As the world watches the devastating attacks on the sovereign country of Ukraine, the St. Vincent College (SVC) Education Department has begun offering a means to allow western Pennsylvanians to help.
Currently, it is estimated that two million refugees have entered Poland with only the clothes on their backs and a bag with all that they own. To provide some method of assistance to these displaced peoples, the Education Department began seeking an opportunity to help.
“While watching the events unfold on the news and after several messages with colleagues in utter shock and the complete feeling of helplessness, I decided to research if there was a method to help collect item donations for the Ukrainians,” said Dr. Veronica Ent, Education Department chairperson.
After much searching, the only opportunity that appeared to accept item donations was an effort by a company named Teknika Strapping Systems, Inc. in the San Francisco Bay Area. This company distributes to Poland and has the logistic systems to get the needed items to the refugees.
A recent NBC News report revealed that Teknika was planning to accept donations in Pennsylvania. dr Ent reached out to the company in California, which in turn directed her to Roland Henry, president of Interpack Systems Inc. of Mechanicsburg. Interpack Systems Inc. is a sister company of Teknika Strapping Systems.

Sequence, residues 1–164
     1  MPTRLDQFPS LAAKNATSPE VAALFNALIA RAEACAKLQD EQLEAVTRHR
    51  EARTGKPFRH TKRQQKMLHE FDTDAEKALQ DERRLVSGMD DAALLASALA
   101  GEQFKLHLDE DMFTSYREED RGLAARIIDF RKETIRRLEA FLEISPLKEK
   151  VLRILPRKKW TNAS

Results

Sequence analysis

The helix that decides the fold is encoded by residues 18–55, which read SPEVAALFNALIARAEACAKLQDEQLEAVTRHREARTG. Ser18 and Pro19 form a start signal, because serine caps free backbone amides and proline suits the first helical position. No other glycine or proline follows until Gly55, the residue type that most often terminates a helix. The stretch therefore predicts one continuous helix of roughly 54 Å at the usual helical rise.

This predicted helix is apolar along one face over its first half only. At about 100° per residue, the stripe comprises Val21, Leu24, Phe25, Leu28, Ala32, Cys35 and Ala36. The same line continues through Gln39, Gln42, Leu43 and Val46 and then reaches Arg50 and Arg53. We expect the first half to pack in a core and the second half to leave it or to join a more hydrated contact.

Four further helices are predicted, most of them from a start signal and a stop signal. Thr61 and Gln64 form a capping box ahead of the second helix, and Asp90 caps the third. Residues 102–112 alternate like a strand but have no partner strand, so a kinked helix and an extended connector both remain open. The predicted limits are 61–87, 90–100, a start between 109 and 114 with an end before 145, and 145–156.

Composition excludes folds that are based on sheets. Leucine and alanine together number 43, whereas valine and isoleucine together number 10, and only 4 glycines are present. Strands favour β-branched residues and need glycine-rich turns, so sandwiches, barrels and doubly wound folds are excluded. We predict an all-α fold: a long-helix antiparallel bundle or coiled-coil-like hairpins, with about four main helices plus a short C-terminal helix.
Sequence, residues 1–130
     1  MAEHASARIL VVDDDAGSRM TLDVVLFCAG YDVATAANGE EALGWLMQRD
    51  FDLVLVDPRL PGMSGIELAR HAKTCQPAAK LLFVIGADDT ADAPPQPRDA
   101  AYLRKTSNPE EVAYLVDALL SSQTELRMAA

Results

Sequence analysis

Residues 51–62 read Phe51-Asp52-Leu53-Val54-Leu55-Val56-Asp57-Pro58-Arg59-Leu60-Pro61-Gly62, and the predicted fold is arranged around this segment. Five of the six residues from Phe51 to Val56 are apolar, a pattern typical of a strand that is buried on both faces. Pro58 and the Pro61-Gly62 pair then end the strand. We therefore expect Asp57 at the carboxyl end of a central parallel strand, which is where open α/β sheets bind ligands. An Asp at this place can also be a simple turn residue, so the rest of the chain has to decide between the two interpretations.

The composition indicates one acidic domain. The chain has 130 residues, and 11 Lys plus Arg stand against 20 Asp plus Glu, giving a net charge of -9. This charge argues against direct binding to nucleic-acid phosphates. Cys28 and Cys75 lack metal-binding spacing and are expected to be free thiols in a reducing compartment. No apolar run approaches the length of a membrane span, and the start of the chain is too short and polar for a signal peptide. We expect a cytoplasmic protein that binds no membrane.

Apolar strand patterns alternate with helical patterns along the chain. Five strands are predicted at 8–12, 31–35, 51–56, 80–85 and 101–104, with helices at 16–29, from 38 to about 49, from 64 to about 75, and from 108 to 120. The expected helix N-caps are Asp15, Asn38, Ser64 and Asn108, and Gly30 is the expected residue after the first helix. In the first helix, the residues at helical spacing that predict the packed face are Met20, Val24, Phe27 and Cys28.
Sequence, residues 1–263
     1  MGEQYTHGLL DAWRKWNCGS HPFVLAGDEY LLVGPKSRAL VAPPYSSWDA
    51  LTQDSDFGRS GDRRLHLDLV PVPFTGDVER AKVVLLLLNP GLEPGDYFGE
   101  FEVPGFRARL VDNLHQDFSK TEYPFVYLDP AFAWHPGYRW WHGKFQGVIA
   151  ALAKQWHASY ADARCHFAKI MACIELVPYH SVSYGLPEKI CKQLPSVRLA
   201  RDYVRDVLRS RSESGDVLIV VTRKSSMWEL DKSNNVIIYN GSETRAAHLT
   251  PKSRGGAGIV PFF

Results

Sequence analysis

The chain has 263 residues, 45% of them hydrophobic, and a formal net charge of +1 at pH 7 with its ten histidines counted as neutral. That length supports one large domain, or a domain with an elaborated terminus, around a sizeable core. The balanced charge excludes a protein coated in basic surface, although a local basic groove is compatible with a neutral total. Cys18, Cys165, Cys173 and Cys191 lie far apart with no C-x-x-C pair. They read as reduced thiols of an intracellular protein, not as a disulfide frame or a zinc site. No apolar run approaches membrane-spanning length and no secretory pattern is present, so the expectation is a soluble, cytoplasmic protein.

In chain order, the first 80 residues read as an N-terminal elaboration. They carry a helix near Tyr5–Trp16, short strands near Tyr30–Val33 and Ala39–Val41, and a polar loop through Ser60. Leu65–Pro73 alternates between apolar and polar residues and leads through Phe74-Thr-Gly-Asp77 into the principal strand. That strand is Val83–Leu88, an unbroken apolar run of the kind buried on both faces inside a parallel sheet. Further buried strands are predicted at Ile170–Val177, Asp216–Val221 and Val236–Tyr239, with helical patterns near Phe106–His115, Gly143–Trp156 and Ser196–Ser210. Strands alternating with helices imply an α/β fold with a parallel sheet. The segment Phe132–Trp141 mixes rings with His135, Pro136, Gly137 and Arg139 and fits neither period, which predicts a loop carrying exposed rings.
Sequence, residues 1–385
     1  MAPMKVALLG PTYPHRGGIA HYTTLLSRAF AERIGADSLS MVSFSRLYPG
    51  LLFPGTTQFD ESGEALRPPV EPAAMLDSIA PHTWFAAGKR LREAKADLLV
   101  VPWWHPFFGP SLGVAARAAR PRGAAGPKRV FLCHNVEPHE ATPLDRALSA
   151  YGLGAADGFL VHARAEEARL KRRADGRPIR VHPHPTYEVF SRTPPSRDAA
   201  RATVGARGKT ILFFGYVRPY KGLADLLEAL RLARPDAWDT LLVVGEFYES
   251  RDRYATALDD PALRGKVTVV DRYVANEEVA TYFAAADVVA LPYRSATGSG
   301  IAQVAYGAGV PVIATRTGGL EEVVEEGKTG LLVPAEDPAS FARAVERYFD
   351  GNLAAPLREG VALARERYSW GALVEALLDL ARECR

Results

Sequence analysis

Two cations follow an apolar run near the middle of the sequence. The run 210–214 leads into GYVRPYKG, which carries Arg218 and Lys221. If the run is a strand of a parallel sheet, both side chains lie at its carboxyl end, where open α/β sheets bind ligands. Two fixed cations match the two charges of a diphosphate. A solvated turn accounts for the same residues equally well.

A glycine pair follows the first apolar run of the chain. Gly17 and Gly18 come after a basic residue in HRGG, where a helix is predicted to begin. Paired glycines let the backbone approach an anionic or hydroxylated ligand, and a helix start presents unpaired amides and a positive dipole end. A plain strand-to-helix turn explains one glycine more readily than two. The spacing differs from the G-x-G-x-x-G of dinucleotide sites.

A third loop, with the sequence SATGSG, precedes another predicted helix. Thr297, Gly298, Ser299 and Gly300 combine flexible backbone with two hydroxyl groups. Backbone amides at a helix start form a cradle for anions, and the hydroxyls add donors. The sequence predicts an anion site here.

After obtaining approval from SVC President the Rev. Paul Taylor, OSB, Dr. Ent secured the collection location at the Fred Rogers Center on campus with the support of Dr. Dana Winters, director of the center.
dr Ent, along with Dr. Kathleen Beining, Carol Borland, Dr. Jen Buxton, Dr. Tracy McNelly, Dr. Stacie Nowikowski, Joan Roach, Dr. Aaron Sams and Dr. Dawn Turkovich — all from the Education Department — began the work of spreading the word to the community; securing satellite collection locations at Manor Presbyterian Church in Manor, Church of the Ascension in Pittsburgh, and Christ the King Church in Leechburg; and organizing donations on campus.
Faculty have asked campus clubs and organizations, student affairs and community members to help load, pack and arrange the collection. dr Ent’s husband, Len Dombrowski, and Edward Butina, an officer of the Latrobe Eagles FOE 01188 and owner of EMB Machining Services in Whitney, will deliver the donations to Mechanicsburg on April 1. Drs. Ent, Nowikowski and Buxton will be traveling behind with 16 education students to help unload the donations into the warehouse Henry secured.
“The outpouring of donations is so inspiring,” said Dr. legging “The collection room is near full of donations from the community, and it truly is overwhelming and a testament to hearts of our community to give so freely and without hesitation to help these victims of war.”
Items that are most needed are personal and hygiene products along with other consumables that are in short supply at refugee locations. The Education Department also accepts monetary gifts, which will be used to fill the trucks with most-needed items bought in bulk to supplement the community donations. Donations will be accepted until March 28.